Hand Dyeing fabric
Me always wanting what I want and then being unable to find it often spills over to fabric. So I do a lot of dyeing, which (hopefully) isn’t at first apparent by looking at my creations (unless I want it to be, like an ombre technique).
Some of the things I’ve dyed and posted about:
And both the items from this yet-to-be-revealed outfit
For all of those items, I’ve used RIT dyes. I prefer the liquid dyes, and had quite a stock of them in my cabinet. If you want to know more about using these dyes (including some of the drawbacks) Dana from Made wrote this post.
With many of these projects I’ve been less than 100% pleased with the results. Particularly with the ombre dress, during which I went through at least three dye it, overdye it, bleach it, start again cycles. And I’m still not thrilled with the final results.
In a nutshell, there are two problems I’ve had with these dyes.
- They’re very hard to mix predictably. Even using the ColoRIT guide and test dyeing swatches, I can’t get predictable results. The Aquamarine (shorts and shirt cuff above) seems to be the only one I have had reliable, likeable results from. And only if I don’t mix it.
- It is very hard to get deep, vibrant colors with these dyes, even using very hot water and salt and following directions to a T. And it becomes more difficult when you’re mixing dyes – that in particular seems to me to muddy the waters, so to speak, and give you duller colors.
In contrast, I have had great luck dyeing and painting yarn that I spin, including awesome results with Kool-Aid. But I don’t often sew with wool, and protein fibers (like wool) and plant fibers (like cotton) dye differently.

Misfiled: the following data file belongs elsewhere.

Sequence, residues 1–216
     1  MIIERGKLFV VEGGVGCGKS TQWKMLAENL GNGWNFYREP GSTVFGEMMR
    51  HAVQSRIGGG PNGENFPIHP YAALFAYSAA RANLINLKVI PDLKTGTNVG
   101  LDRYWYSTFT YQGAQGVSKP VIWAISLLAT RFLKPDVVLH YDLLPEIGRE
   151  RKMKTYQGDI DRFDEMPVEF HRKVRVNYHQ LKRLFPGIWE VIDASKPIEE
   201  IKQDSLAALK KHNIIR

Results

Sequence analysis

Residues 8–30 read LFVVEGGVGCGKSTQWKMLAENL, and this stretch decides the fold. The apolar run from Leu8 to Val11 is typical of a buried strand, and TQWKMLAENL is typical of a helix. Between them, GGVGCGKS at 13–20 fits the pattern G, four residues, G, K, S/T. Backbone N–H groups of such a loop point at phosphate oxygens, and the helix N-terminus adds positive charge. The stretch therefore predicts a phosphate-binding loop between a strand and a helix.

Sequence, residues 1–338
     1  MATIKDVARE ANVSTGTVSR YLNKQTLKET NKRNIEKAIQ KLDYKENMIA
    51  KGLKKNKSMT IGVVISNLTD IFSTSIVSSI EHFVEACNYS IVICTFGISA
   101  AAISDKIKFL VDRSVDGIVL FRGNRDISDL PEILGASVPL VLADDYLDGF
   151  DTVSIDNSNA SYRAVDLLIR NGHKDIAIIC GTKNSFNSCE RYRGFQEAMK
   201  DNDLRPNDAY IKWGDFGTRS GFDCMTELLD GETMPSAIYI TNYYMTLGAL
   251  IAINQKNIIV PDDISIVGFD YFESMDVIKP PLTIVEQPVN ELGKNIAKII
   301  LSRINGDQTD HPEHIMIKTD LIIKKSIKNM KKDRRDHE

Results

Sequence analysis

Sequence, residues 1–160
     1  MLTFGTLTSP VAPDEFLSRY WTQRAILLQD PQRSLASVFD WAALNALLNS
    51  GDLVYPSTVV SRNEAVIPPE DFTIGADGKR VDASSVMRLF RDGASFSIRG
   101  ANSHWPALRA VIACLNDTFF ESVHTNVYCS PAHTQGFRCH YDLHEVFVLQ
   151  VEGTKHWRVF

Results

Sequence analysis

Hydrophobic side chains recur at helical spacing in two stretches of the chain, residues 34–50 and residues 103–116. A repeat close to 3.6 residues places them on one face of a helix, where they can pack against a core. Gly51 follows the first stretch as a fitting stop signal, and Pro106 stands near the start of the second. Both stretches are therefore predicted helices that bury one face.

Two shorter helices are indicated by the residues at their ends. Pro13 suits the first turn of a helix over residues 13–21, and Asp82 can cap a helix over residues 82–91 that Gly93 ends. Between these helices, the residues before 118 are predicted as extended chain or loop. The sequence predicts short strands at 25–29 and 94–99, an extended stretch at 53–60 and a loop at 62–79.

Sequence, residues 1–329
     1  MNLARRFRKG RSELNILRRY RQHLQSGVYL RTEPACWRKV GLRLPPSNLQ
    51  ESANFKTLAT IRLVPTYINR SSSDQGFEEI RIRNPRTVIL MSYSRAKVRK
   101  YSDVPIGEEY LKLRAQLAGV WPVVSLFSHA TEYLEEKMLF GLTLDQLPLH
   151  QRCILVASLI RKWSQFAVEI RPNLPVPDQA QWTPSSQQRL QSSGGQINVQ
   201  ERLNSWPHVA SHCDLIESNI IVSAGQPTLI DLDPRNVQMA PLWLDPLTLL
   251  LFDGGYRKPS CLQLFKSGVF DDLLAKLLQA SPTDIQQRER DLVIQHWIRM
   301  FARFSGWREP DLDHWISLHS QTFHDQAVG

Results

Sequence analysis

So, with my latest project (which was originally going to be my post for today) I went through the same angst I went through with the ombre dress and still didn’t like the results. So I decided to be a big girl and get some real dye. The kind you have to go to the art supply store to get. The kind that requires mixing chemicals. The kind that I have been scared to use.
And you know what? Like most fears, this one proved totally unfounded! So in case any of you are also disappointed with RIT and want to get better, more predictable colors, read on.
I used Procion MX Fiber Reactive Cold Water Dye. I have been avoiding this for a few reasons. (UPDATE: since this project I have exclusively used Dharma Trading Co. Procion Dyes, which you can get in more colors and are slightly cheaper and have given me awesome results as well.)